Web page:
Jesus got baptized? Well, not really.
The answer lies in some of the scripture we have heard these past weeks.
Remember the second week of Advent when our locust eating friend, John the Baptist was at the river preaching repentance? He was performing the Jewish ritual of mikveh. It was a spiritual cleansing. Once a person decided to participate in the mikveh, or repent, he or she would go to the river and be submerged. This was a public thing, it wasn’t done in secret. One saw members of one’s own community there, but there was no shame or embarrassment. They were all there for the same reason. To get right with God.
Jesus was a Jew and so it was quite natural for him to go to the river for a mikveh. He didn’t do it for forgiveness of sin. Jews have a different concept of sin. The word for sin in the Jewish faith is “chet.” It means “missing the mark,” of getting something but carries an expectation to right the wrong. There is no guilt or shame attached. A very human Jesus saw the need to get right with God and so participated in a mikveh right along with the rest of his community.
Our sacrament of Baptism came out of the mikveh ritual. St. Augustine gave us the theology of original sin in the third century and there are vestiges of it left to this day which is a real sin. One of the first documents to come out of Vatican II was the text for the Rite of Christian Initiation of Adults. It’s the prayers, rituals and Sacraments of Initiation by which people join the Church with the sacraments of Baptism, Confirmation and Eucharist. The church fathers cut through layers and layers of centuries of teaching and returned us to our roots. Nowhere in the text does it mention original sin. Baptism is about initiation, of belonging, of joining.
Our baptism tells us we belong; we belong on so many levels. We belong to Jesus, we belong to the Catholic faith, we belong to a community of believers, we belong.
I’ll be willing to say most of us were baptized as babies and don’t remember it. Were any of you baptized as adults?
I was part of the team who taught adults about the Catholic faith, who were with them as they were baptized. I always wondered what made an adult who usually had no religious upbringing, whose family may have even been agnostic, what made them decide they wanted to be baptized.
So I asked them that question. Now you have to know every single year there were a lot of young couples who were engaged. The woman was usually the Catholic and the guy was not. You could tell it on his face at the very first meeting! One man told me he liked the architecture of the Cathedral and stopped in to see what it was about. More than one told me they felt as if something was missing. How could that be, I asked, you didn’t know what you were missing. Still, they would say, there was a hole that needed filling.
We as Catholics accept the baptism of those baptized in other faith traditions as long the Trinitarian formula and water is used. You have heard it all of your life, we believe in one baptism for the forgiveness of sins.
Everyone should sit in on an RCIA class and feel the excitement, see the eagerness of people leaning about the faith. We could teach the faith without all the baggage of the institution. We taught of the love of God, of Jesus, of this whole wonderful worldwide group of people who practiced the Catholic faith and told them that they soon would be part of that. By Holy Week, their excitement was palpable; one could almost reach out and grab a handful. The stars in their eyes were contagious, and all of us, sponsors, team members and Catholic spouses, all began to have stars in our eyes, too.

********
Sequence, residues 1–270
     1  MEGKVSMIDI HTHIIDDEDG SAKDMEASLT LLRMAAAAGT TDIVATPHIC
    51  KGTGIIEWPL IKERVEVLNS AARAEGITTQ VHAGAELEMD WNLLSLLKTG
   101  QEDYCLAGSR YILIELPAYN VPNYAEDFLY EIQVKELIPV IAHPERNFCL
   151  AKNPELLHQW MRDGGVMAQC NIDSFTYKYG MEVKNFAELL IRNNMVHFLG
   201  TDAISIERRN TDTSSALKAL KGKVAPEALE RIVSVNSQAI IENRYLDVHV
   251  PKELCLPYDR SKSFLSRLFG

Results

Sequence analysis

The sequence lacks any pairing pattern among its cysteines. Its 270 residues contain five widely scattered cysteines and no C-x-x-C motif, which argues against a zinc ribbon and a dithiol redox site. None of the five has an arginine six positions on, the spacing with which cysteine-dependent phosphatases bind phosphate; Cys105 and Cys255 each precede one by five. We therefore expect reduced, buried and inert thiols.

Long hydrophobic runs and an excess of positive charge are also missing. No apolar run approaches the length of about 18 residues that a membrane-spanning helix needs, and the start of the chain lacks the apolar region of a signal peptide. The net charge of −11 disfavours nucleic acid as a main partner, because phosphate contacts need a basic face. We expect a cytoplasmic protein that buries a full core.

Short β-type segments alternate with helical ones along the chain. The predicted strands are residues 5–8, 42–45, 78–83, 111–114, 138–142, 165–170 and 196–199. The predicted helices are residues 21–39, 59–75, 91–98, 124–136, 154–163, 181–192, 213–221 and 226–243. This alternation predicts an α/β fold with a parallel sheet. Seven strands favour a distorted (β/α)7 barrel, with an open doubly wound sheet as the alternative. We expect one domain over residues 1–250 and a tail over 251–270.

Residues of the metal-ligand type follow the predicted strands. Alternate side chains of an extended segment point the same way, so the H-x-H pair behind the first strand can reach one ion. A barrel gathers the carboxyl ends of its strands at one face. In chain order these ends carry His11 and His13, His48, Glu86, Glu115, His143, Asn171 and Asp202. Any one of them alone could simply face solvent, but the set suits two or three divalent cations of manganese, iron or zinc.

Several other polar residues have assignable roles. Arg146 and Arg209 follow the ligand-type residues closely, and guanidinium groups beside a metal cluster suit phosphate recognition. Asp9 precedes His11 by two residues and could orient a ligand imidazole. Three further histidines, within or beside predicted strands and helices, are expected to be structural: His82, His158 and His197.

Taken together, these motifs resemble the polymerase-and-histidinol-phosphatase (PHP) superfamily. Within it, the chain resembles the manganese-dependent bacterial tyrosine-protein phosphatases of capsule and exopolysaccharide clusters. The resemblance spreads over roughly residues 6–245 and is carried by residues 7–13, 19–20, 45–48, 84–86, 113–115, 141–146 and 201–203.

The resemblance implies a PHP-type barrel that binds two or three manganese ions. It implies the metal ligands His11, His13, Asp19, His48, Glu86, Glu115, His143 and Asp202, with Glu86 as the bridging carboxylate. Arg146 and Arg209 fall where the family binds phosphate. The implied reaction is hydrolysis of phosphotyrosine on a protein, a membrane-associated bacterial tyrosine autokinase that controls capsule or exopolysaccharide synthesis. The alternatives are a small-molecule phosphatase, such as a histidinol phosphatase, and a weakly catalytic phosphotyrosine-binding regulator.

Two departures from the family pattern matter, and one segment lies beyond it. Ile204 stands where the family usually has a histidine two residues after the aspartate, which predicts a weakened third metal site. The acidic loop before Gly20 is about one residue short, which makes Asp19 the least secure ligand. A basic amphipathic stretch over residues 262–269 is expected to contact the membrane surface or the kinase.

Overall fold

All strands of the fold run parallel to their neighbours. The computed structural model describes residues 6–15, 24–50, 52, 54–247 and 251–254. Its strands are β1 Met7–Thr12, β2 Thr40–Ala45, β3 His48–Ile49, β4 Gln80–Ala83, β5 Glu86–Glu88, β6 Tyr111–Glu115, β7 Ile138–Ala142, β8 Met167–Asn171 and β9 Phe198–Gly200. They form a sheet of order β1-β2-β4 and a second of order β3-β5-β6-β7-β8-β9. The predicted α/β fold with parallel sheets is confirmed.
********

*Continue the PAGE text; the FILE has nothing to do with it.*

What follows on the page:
Here we are in a new year, having made the decision to leave the institution behind and concentrate on living our Catholic faith. Do you have stars in your eyes? Did you used to have stars, have they been somewhat dimmed? What do you say that we make a resolution to get to know our faith with new eyes, like as if we were learning about it for the first time? What if we could talk about that faith to others, to help them see there is light beyond the Catholic institution, What if that is a meaning of the Epiphany star? a star so bright it could rekindle the stars in our eyes and help us remember what we already possess? Jesus. The Catholic Faith. A community of believers. We belong.
We belong to an imperfect family of believers that stretches back some 2000 years. Our family is full of sinners, crusades, inquisitions, horrific scandals and corrupt political infighting.
Our family is full of saints, Eucharist, social justice teachings and practices, parochial school systems to take care of young people, hospitals to take care of the sick of the world, missions and missionaries that reach into all corners of the world.
Through our baptism and inclusion into this magnificent church, we are afforded comfort through the liturgy when we grieve, happiness through the liturgy when we celebrate and a “steady as she goes” comfort through the liturgy when we need boosters of grace along the way. We Belong.
All of us all of us, all of us have been able to participate in all of this because of our baptism. All of these events, the big and the small, have contributed to the people we are today. It is our turn to build up the Body of Christ for our future brothers and sisters as our ancestors have done for us. Do you know why? Because we belong.
Homily shared on Saturday, 8 January 2022, by Rev. Mary Keldermans.